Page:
Will ye plead for Baal? Why are you so zealous in pleading for that Baal, for the worship whereof you suffer such grievous calamities at this day, and from whom you have no help? It is plain that Joash had been a worshipper of Baal; either therefore he was now convinced by Gideon’s information and action, or he makes use of this pretence to preserve his son, being indeed indifferent in matters of religion; and therefore as he did worship Baal to comply with his neighbours, so now he deserts him to rescue his son.
He that will plead for him, let him be put to death; he that shall further plead for such a god as this, deserves to die for his folly and impiety. It is not probable that this was all that he said for his son’s defence; or that he would neglect to mention the call his son had from God to it, the apparition of an angel, the promise of deliverance; but it is usual in Scripture to give only some short hints of those things which were more largely discoursed.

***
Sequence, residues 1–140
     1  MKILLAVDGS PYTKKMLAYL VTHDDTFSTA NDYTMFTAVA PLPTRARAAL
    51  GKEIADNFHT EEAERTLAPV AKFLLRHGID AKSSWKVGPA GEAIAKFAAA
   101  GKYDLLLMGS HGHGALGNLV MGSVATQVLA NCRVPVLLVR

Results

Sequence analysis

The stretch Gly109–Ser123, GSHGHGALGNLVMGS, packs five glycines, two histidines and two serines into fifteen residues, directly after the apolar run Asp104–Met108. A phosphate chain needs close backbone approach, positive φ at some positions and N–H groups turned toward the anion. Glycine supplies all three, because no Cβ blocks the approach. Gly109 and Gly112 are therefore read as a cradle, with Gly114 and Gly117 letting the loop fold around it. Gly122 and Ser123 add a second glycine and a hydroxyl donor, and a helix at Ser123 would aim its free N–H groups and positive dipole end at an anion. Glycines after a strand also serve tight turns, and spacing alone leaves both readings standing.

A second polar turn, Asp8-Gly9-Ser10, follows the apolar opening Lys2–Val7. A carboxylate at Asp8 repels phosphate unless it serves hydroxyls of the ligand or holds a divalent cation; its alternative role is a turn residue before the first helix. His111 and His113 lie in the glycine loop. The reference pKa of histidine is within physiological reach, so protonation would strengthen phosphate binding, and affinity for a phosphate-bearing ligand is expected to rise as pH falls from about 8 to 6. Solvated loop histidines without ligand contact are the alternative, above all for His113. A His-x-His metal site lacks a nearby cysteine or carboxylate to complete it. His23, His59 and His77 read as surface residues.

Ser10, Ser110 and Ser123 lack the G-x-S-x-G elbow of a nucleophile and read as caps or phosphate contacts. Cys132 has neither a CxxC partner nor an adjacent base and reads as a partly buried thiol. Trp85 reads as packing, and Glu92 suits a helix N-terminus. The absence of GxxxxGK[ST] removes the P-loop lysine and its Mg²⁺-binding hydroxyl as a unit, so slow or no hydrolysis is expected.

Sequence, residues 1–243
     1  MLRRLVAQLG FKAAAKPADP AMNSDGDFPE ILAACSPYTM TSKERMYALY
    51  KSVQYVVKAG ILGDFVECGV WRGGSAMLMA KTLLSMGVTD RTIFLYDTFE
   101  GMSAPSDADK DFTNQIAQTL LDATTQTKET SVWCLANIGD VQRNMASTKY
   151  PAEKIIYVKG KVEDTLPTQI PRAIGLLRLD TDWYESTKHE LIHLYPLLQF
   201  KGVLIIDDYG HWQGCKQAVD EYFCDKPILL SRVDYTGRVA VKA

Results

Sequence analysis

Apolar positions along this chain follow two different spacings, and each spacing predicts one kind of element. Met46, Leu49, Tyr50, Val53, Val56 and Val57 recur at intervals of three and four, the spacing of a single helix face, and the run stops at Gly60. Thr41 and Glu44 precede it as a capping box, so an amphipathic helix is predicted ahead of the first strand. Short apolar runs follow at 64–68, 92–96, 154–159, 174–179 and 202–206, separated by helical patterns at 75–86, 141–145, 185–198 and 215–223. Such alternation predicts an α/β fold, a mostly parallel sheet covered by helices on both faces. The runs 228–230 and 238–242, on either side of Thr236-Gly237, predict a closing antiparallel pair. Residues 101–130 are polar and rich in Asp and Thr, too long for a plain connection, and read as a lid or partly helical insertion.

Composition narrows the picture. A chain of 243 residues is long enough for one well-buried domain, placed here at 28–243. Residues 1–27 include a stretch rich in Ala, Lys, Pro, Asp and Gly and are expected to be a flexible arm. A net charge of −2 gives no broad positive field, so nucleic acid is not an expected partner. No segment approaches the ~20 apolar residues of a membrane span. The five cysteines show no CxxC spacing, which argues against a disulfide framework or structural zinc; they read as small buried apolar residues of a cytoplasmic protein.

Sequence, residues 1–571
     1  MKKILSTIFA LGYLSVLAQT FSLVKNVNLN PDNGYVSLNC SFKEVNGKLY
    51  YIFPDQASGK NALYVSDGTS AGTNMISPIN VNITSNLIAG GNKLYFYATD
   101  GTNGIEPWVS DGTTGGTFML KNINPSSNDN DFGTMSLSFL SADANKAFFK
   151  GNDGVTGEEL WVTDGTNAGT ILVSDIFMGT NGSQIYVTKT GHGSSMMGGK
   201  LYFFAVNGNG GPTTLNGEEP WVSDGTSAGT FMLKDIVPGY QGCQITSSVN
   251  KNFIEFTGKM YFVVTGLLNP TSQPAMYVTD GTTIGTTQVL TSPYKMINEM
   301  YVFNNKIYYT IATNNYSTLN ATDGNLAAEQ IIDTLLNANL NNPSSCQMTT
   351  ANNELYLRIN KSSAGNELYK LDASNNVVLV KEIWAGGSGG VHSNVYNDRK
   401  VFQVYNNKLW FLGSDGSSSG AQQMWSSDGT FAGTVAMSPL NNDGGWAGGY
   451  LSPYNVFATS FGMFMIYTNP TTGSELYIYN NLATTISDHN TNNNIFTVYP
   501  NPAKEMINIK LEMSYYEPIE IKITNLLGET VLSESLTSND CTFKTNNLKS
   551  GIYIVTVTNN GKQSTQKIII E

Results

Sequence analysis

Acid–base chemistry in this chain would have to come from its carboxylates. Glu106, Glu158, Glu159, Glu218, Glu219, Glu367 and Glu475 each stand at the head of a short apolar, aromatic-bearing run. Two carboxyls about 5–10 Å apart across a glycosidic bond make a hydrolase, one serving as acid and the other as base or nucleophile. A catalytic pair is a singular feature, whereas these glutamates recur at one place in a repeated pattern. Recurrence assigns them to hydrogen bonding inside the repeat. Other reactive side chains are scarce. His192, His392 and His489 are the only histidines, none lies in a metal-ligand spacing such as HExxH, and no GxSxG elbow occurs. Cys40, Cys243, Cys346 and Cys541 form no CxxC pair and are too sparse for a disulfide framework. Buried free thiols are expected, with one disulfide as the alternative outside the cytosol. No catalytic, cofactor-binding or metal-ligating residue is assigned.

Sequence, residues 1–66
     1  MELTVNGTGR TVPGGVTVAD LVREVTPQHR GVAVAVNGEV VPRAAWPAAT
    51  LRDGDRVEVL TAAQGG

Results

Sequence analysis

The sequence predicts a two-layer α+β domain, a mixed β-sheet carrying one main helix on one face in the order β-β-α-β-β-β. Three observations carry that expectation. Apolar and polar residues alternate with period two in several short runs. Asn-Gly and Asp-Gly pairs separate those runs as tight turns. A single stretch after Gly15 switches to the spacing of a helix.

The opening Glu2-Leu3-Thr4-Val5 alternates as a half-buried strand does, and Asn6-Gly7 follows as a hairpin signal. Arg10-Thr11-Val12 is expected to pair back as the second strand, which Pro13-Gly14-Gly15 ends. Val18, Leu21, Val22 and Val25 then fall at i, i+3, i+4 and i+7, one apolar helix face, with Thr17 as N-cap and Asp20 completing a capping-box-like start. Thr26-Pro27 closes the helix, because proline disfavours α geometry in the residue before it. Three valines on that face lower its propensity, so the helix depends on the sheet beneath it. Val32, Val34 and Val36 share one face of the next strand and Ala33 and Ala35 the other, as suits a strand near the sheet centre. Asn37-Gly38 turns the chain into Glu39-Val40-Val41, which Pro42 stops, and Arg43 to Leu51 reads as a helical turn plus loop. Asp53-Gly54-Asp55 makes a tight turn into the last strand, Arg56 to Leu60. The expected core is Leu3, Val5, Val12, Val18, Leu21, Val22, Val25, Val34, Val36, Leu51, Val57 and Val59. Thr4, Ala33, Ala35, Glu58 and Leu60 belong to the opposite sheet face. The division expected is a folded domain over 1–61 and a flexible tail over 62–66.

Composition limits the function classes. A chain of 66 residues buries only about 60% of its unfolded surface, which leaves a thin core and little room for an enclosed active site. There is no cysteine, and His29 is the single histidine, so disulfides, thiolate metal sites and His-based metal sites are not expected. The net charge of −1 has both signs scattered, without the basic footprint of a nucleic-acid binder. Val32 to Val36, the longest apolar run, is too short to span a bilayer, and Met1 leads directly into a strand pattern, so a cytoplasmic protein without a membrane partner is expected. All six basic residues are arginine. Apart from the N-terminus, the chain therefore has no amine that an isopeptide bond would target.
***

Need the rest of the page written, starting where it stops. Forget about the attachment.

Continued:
Whilst it is yet morning, i.e. instantly, without delay; for it was now morning time, as appears from Jud_6:28, &c.
Let him plead for himself, as the God of Israel hath often done when any indignity or injury hath been done to him. But Baal hath now showed that he is neither able to help you nor himself, and therefore is not worthy to be served any longer. This courageous and resolute answer was necessary to stop the torrent of the people’s fury; and it was drawn from him, partly by the sense of his son’s extreme danger, and partly by the confidence he had that God would plead his son’s cause, and use him for the rescue of his people.